Digital Rights Management (DRM) is a tool that doesn’t reflect the general preference of legal music downloaders. Before you read on, hoping that I will advocate for the free distribution of music, let me warn you: I’m a strong supporter of copyright and the protection of intellectual property; I want artists and distributors to make a decent living, but I’m frustrated by the current misuse of digital technology that attempts to thwart illegal distribution. In practice, DRM makes creates compatibility problems that make it excessively difficult, and in most cases, impossible, to listen to music that has been purchased online.
The Pew Internet & American Life Project reported this week that 36 million Americans, 27 percent of internet users, report having downloaded music or video files. Half of this group have skirted the traditional peer-to-peer (P2P) networks and commercial online distribution services (i.e. Napster, iTunes). This is a significant number of digital media users whose sharing of digital media is untraceable by the recording industry and copyright holders.
Parvin Dhaliwal, 18, a student at the University of Arizona (UA), is the first person in country to be convicted of a crime under state law for downloading music and movies. Dhaliwal pleaded guilty to possession of counterfeit marks, or unauthorized copies of intellectual property, and was sentenced to a three-month deferred jail sentence, three years of probation, 200 hours of community service and a $5,400 fine. Dhaliwal must also take a copyright class at UA and stop using file-sharing applications. What makes this conviction notable is that copyright protection is normally a federal matter.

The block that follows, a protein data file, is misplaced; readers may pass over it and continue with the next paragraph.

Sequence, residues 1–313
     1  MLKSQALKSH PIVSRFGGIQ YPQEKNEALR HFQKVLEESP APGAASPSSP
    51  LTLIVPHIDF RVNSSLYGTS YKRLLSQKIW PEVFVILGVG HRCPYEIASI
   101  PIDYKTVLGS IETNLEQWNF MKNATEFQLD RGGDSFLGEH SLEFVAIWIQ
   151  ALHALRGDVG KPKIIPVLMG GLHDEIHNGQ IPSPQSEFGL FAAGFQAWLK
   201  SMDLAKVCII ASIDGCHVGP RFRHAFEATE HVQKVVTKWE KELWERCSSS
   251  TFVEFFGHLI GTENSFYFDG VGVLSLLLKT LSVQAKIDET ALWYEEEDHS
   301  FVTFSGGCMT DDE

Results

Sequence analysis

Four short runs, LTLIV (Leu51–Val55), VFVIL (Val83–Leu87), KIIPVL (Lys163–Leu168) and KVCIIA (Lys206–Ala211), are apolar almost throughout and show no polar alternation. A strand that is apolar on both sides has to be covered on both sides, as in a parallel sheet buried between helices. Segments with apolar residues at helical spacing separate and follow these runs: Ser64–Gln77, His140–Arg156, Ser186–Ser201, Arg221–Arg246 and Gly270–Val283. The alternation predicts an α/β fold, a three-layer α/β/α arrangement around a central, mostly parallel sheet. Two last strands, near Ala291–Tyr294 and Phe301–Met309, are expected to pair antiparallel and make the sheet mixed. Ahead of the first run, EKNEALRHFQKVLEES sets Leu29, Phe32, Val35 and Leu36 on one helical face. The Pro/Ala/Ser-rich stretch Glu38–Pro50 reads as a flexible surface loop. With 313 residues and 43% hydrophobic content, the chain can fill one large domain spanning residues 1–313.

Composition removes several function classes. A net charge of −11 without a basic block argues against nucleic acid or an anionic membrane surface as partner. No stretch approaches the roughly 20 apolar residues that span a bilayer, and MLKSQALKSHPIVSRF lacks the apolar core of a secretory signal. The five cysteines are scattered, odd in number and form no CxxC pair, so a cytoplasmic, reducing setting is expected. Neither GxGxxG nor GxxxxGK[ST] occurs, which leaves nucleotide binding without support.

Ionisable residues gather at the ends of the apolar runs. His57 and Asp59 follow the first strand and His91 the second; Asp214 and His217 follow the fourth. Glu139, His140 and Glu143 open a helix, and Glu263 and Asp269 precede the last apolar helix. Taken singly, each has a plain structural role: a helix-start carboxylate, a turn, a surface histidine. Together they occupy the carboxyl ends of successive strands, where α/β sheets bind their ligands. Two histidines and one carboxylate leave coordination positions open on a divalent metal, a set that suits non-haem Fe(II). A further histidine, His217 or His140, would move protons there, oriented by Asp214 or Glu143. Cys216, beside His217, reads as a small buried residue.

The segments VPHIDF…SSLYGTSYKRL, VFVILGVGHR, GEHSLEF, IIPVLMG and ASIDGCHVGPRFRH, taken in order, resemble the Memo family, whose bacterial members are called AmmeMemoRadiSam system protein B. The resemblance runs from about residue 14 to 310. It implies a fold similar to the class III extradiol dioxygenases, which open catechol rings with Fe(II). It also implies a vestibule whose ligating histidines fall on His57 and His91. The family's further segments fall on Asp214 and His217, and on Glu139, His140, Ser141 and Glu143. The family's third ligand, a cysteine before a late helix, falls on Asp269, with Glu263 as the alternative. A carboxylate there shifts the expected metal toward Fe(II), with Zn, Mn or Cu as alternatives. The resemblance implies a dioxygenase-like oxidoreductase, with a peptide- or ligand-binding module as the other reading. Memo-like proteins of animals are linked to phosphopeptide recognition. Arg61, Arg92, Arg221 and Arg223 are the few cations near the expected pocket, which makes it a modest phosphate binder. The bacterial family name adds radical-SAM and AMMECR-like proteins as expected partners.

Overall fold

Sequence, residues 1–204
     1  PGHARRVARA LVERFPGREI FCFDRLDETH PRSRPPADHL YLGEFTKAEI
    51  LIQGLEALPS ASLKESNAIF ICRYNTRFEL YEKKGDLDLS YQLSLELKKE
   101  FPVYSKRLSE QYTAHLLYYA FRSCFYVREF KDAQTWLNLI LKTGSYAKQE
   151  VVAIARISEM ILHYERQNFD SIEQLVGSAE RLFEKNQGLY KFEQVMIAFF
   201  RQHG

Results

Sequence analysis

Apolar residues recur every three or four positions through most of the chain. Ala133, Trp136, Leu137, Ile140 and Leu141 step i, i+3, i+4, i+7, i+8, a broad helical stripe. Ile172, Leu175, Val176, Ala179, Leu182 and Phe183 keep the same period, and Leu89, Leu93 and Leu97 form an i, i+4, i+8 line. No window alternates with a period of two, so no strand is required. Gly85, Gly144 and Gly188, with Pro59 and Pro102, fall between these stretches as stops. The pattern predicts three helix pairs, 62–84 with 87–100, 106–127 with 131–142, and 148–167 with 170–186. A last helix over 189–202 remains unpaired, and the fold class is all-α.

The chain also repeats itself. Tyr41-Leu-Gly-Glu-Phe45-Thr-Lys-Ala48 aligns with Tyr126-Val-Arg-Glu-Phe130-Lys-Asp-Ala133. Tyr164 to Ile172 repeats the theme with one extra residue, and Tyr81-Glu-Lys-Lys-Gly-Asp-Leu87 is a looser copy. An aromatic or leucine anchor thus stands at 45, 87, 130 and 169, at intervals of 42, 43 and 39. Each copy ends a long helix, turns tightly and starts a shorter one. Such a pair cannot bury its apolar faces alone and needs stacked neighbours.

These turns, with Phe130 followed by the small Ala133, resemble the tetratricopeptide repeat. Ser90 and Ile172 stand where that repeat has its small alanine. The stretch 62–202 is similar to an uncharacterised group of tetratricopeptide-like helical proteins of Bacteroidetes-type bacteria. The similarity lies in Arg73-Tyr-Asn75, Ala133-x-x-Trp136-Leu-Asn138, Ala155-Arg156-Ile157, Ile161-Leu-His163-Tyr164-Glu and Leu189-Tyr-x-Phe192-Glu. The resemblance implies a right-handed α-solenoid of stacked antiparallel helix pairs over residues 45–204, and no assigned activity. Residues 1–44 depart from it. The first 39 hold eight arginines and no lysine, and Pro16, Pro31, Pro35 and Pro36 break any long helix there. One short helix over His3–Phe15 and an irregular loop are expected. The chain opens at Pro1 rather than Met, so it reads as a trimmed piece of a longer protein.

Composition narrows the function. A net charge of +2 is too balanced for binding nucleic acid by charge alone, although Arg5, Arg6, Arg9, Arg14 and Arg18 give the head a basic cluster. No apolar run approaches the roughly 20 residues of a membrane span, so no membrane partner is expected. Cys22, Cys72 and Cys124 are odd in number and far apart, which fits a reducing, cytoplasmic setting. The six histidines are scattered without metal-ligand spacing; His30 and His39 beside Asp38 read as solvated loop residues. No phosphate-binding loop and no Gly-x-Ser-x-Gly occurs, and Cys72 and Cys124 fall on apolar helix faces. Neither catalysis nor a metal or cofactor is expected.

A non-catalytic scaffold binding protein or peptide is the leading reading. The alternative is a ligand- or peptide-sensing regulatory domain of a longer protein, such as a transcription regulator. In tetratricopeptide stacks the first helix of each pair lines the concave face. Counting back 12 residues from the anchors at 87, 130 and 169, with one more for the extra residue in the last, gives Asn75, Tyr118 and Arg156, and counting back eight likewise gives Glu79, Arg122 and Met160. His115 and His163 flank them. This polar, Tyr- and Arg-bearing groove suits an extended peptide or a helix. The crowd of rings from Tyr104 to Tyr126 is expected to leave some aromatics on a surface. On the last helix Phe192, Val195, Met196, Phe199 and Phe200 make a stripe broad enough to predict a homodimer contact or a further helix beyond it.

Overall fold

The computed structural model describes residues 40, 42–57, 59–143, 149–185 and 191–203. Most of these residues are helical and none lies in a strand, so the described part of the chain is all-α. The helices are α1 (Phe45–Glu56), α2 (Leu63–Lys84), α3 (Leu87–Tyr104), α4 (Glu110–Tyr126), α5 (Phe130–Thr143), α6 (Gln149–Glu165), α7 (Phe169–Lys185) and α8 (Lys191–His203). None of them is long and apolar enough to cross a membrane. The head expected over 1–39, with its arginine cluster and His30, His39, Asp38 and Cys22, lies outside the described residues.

Starting today, many users of new, unregistered copies of Microsoft Windows will have to make a phone call in order to activate the software’s license. In a move to curb piracy of its flagship operating system, Microsoft has disabled the Internet activation alternative, now requiring these users to orally confirm their use of the product.
Secure Sockets Layer, the fundamental security service for the world’s websites and many networks is at risk in the face of a new spyware application, Marketscore, an application that promises to speed up web browsing. The software is bundled with iMesh P2P (peer-to-peer) software and is popular with university students.
I have a favor ask of you. I am researching how the personal computer (PC) has affected the face of America. Specifically, I am interested in the PC’s effect on American culture and attitudes. For example, how has access to a PC affected behavior and expectations? To do this , I’m asking for your experiences that were brought on by the PC revolution.
A multi-state ring of software pirates was apprehended by U.S. law enforcement authorities, resulting in a seizure of possibly $87 million worth of pirated software. The raid followed a two-year investigation of 11 people from California, Texas, and Washington. The 11 defendants are charged with conspiring to distribute counterfeit computer software and documentation with a retail value of well over $30 million. according to a statement released by the U.S. Attorney’s Office for the Central District of California.